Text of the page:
Ryonet Blog

Mesh Count and You

mesh count

Different mesh sizes are used for different applications in the screen printing process.  What is mesh size? you might ask.  Well, mesh size is a measure of how many threads of polyester (used to be silk, centuries ago, hence ‘silkscreening!’) cross each other per square inch of screen.  For example, a 110 mesh screen would have 110 threads crossing per square inch.  The higher the mesh count, the finer the holes are in the screen.

The first factor you should keep in mind when choosing a mesh size is how detailed your image is.  If, for example, your image has extremely high detail, a low mesh screen simply wouldn’t hold the detail.  The fine lines or dots in the image would simply fall through the holes in the mesh, leaving you with a poor representation of what your image should be.  If you have a low detail image, and you use too high of a mesh count, you’ll run into issues with getting enough ink to lay down on the shirt.

The other important factor to keep in mind would be the thickness of your ink itself.  Thinner inks, such as water based, generally require a higher mesh count.  If too low of a mesh count is used, then the thin ink could potentially flood through the larger holes, soaking your garment with more ink than intended.  This would make your image blurry as the ink bleeds.  On the other hand, if you’re trying to print with a thicker ink, such as plastisols or white inks, you’ll want to consider lower mesh counts.  Too high of a mesh count and you may run into an issue with inks not easily wanting to pass through the mesh, which could lead to opacity and coverage issues.

You will notice that different companies have different sizes available. If the mesh count is fairly close, such as the difference between 155 vs. 156, 196 vs. 200, or 81 vs. 86, the difference is so negligible that it will not matter in your final results. Since there are many variables involved in silk screen printing we can’t tell you exactly what mesh sizes are used for what applications. However, we can give you a general outline of what sizes to use for certain types of printing.

The two most standard mesh sizes are 110 and 156.  110 mesh will lay down a fairly thick layer of ink.  It is great for block text letters and larger spot color designs.  It’s also a recommended mesh for white flash plates (underbase) because many times you will only have to do one print, which speeds up production.  156 mesh will lay down a moderate amount of ink, but offers more detail capability for your image.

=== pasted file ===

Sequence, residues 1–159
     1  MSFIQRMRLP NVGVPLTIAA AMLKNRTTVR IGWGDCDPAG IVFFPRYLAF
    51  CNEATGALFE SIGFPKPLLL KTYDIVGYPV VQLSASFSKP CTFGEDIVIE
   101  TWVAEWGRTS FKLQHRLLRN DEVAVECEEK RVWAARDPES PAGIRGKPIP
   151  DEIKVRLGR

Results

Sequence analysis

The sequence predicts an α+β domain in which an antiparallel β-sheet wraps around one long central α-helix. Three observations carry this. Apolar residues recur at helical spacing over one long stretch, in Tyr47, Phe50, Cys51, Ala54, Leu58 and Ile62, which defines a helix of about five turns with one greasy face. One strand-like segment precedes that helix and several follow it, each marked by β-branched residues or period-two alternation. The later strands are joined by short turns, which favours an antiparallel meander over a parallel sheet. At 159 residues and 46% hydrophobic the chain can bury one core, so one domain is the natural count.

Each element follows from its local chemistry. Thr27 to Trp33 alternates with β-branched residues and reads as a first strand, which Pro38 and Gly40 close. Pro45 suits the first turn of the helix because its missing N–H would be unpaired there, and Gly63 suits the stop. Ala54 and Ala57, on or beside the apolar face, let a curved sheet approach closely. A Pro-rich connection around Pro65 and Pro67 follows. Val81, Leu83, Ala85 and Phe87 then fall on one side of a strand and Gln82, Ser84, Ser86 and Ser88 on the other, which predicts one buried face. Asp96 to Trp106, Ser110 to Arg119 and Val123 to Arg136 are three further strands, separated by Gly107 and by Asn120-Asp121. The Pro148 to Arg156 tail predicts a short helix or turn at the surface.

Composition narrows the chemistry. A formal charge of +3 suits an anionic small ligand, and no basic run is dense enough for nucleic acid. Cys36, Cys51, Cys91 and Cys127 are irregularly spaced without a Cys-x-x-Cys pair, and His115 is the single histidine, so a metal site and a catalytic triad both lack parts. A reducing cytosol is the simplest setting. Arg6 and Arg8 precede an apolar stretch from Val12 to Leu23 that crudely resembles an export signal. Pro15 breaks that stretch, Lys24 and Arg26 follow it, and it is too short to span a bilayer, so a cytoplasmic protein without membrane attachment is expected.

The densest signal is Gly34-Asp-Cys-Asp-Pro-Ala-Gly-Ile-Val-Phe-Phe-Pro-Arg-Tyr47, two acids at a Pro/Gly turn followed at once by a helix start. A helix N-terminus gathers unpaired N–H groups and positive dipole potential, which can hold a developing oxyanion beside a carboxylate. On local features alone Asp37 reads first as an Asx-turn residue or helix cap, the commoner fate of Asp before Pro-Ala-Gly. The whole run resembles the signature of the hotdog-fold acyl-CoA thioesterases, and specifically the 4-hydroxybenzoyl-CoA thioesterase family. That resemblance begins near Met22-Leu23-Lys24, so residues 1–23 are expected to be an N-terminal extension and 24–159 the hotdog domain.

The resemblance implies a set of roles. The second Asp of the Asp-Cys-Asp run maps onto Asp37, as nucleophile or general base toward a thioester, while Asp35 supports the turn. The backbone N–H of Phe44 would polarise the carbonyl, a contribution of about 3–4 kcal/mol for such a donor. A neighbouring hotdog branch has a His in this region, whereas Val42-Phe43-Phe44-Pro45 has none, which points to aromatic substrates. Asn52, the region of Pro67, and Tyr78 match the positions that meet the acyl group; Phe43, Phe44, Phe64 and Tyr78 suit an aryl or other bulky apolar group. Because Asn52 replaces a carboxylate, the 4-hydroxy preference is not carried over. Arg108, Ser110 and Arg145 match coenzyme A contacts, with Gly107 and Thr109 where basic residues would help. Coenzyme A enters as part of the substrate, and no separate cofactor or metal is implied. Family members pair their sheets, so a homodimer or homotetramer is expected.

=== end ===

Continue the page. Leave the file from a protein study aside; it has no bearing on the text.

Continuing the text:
There are mesh counts lower than 110, and they are most often used for specialty printing.  The major place you will see lower mesh counts used is for glitter and shimmer inks.  These inks are made special to have flakes of glitter in them to give the desired look.  These flakes can get caught in the mesh of your screen if your mesh count is too high.  This would result in all the particles being stuck in your screen, and none going onto the shirt itself.  Glitter inks have larger, more obvious flakes to them, while shimmer inks will have smaller particles to give a more subtle look.  A mesh size of 36 is ideal for glitter inks, though you can go up to a 64 mesh.  For shimmers, an 86 mesh is recommended.

Higher mesh screens, 200 mesh and above, are most often used for finer detail images and thinner inks.  Graphic, solvent based, and water based inks should be printed through screens of this mesh size.  The higher mesh count helps to keep the thinner inks from flooding onto your substrate.  If you would like to get a softer hand feel to your plastisol prints, these higher mesh counts can help as well.  By printing the thicker ink through the finer mesh, much less of it is laid down, allowing a thinner ‘plate’ of ink.  This results in a softer feel to the print.  This can get tricky, however, as it might sacrifice the opacity of the ink.  If your design is meant to have very bright, vibrant colors, pay attention to how much ink your screen is letting you print.

At the top end of the scale, you have a 305 mesh.  This size is used for jobs with the highest level of detail, and fine halftone four color and simulated process prints.  Fine half tone dots need very high mesh counts in order to hold and expose properly.  Otherwise, as stated before, the halftones and lines will simply fall through the mesh, leaving you with a less than desirable image to work with.

Mesh counts above 305, such as 355, 380, and 400 are mainly used for graphic printing with UV inks.  UV inks are extremely thin, and many times are used for high detail printing on signs, banners, or CDs.  Using a higher mesh allows the automatic printers used in UV printing to regulate the amount of ink passed through the screen.

One last thing to consider is that different mesh sizes hold different amounts of emulsion, due to the differences in the mesh’s holes, and that can affect your exposure times.  For instance, a 110 mesh screen will hold much more emulsion than a 305 mesh screen.  While the difference isn’t extreme, you will have to vary your exposure times slightly for different mesh sizes.  A finer mesh screen will expose faster than a lower mesh screen because of this.  The difference is small enough that you should only have to vary as much as 5-10% in either direction, dependent on the mesh size.

Mesh count is a major factor when considering your print job.  Too high or too low can disrupt your job and leave you with a less than desirable print and a lot of frustration.  Always keep in mind what ink you’re using, and what kind of design you’re printing, and you’ll be choosing the right mesh counts without a second thought in no time.

Kaitlyn Ingram

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